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Would Sweden’s 6-hour Work Day Succeed In Australia?

On paper Sweden’s six-hour work day at full pay improves employee engagement, productivity and work-life balance. Kate Jones looks at whether the policy would work in Australia.


By Kate Jones

If the theory that happier workers are more productive is true, Sweden’s forward-thinking business community could be on to a winner with the six-hour working day. In the progressive town of Gothenburg – Sweden’s second largest city – employees across the health, public sector and automotive industries work six-hour days on full pay.

But could such a scheme work here in Australia?

With so many Australians working unpaid hours and suffering poor work-life balance as a result, there is much to like about the six-hour day, says Tarran Deane, chief executive leadership development company Corporate Cinderella.

“What employee wouldn’t want to get paid for eight hours work and only have to front up for six hours a day?” she says.

“There is a lot of incentives for the individual employee and of course, a greater work-life balance.

“From an employer’s perspective, I think it could only work through a changed management process and an opportunity to run a pilot to contextualise the working hours for each different situation.”

“Both employees and employers increasingly recognise that workplace flexibility is a door that swings both ways.”

Rolling out a six-hour work day would be a massive cultural shift for Australians. Yet demands for more personal time and less working hours were behind the eight-hour day movement in 1856 when workers won the right to have eight hours to work, eight for recreation and eight for rest.

Yet critics of the six-hour day say more work would be crammed into shorter hours, making workers stressed rather than happier.

Future trends analyst Michael McQueen says at face value the scheme seems to benefit employees more than employers, but this wouldn’t be the case in practice.

“It’s much like having a hectic four-day work week whenever there is a public holiday – squeezing the same volume of work into a shorter timeframe is innately stressful,” he says.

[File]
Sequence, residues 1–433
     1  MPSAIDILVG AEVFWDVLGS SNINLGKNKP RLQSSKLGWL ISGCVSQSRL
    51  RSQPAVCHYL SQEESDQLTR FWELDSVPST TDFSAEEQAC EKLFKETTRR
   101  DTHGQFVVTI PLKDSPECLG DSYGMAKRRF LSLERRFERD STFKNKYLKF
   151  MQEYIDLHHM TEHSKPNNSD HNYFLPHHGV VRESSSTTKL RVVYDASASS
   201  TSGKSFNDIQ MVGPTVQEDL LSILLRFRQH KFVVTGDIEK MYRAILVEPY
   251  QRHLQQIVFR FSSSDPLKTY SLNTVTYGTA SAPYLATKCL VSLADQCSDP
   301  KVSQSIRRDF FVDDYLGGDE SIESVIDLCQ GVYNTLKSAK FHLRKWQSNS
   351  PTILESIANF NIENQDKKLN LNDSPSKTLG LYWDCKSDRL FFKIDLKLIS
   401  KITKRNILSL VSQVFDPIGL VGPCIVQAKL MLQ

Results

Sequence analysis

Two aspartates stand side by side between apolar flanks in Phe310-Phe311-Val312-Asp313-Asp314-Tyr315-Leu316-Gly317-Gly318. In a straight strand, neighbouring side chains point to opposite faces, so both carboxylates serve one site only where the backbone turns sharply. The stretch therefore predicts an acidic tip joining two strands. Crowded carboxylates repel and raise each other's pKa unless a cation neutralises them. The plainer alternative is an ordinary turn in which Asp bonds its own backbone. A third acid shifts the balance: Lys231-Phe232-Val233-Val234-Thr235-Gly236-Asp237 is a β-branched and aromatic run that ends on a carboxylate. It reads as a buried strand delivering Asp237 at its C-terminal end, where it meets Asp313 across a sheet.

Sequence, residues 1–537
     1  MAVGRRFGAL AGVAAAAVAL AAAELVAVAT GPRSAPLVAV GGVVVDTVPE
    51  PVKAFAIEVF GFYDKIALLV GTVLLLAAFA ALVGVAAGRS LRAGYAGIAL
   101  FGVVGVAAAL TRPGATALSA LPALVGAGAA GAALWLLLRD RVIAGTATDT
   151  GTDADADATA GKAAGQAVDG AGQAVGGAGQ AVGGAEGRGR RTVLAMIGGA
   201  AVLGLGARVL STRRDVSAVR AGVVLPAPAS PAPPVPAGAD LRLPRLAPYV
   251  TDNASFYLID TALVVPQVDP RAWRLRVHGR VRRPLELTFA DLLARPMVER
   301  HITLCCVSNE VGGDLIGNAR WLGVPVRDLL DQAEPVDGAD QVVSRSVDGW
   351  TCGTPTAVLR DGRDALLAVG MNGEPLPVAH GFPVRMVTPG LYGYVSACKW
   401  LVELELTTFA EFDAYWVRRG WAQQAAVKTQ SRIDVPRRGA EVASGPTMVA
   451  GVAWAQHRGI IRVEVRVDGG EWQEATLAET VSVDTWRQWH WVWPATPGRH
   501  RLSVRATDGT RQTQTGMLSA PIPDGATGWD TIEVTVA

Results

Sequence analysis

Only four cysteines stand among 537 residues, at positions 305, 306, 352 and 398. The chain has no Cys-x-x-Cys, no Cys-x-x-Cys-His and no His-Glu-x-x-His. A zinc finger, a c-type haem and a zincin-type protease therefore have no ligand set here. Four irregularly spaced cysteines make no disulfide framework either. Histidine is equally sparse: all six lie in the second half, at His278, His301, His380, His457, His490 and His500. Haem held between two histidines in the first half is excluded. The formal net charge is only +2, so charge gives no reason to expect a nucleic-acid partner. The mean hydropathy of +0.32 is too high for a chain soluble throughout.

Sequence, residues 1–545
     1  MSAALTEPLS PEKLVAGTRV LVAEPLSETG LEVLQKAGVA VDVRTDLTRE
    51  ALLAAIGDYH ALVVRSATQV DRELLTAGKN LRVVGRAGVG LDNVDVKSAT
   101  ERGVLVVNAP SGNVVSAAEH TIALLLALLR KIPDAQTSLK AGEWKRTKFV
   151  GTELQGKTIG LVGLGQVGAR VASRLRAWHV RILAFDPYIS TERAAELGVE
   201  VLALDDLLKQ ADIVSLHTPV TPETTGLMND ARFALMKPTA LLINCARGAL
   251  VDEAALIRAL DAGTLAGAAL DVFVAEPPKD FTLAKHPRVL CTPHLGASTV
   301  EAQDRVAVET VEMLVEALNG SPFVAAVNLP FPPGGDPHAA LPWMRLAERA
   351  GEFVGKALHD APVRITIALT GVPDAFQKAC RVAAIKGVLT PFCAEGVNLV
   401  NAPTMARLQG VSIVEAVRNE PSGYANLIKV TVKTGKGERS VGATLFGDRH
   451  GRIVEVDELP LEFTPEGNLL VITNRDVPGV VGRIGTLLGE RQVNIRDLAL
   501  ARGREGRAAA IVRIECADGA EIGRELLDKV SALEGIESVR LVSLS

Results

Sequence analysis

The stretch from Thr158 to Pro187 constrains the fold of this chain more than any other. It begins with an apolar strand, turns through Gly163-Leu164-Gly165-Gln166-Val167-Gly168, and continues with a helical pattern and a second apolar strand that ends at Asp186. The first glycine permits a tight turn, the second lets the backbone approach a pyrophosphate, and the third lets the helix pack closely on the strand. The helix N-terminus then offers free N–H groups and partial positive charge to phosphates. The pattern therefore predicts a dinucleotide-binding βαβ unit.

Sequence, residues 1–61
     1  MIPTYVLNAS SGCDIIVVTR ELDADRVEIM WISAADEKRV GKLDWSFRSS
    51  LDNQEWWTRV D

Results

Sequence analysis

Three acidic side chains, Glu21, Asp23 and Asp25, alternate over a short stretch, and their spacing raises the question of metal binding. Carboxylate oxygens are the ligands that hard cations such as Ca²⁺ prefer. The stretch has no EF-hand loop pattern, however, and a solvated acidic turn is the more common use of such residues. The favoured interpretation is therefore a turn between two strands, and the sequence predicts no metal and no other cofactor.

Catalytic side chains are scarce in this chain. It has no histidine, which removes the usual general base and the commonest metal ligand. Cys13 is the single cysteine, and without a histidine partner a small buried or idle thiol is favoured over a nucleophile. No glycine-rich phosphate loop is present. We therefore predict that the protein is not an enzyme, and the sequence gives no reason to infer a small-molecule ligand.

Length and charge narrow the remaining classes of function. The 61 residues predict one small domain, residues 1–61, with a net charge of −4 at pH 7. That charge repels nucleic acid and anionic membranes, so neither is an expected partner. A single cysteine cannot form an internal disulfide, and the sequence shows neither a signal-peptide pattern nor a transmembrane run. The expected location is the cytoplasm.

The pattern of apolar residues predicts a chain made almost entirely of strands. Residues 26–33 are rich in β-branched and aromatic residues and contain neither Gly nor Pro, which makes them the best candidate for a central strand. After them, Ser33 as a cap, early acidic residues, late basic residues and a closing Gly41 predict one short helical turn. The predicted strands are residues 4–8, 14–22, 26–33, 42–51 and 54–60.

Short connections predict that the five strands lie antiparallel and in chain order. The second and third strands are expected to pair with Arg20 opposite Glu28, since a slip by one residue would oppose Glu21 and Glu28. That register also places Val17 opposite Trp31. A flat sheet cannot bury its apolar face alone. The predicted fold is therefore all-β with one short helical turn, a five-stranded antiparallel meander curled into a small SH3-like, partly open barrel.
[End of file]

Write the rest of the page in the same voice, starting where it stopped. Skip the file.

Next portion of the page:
Capping work hours simply won’t work in a globalised economy and the digital age, says McQueen.

“This is unlikely to ever occur in Australia and I believe this is not a bad thing,” he says. “Smart organisations and leaders recognise that productivity is about outcomes and not the number of hours someone spends at work. Some days and weeks, you will get things done quickly and flexible work cultures allow for shorter days or working from home when outcomes are being met. Other weeks, you need to burn some midnight oil to meet a deadline.

“Both employees and employers increasingly recognise that workplace flexibility is a door that swings both ways.”

“As we’ve got better with technology we’ve become far more productive, so we should be able to use technology to decrease working hours as well as increase overall productivity.”

Supporters of the six-hour day say an increasingly automated future means there soon won’t be enough work to employ people for eight hours a day. With technology making the nation’s workforce far more efficient, there’s good reason to believe a six-hour day will be the way of the future.

Professor Peter Gahan, from the University of Melbourne’s Centre for Workplace Leadership, has been following trials of the six-hour working day in Gothenburg since the town’s Toyota service centre introduced the concept in 2003. The company has reported happier staff, a lower staff turnover rate and an increase in profits.

Toyota’s success prompted other Swedish businesses, including nursing homes, a hospital and start-ups, Brath and Filimundus, to cut working hours.

Prof Gahan says adapting the six-hour day to Australian workplaces is a question of working out costings alongside technology and staffing arrangements.

“There’s no reason why it can’t work, why it should be bad for the economy,” says.

“As we’ve got better with technology we’ve become far more productive, so we should be able to use technology to decrease working hours as well as increase overall productivity.”

Follow Kate Jones on Twitter: @kateljnes

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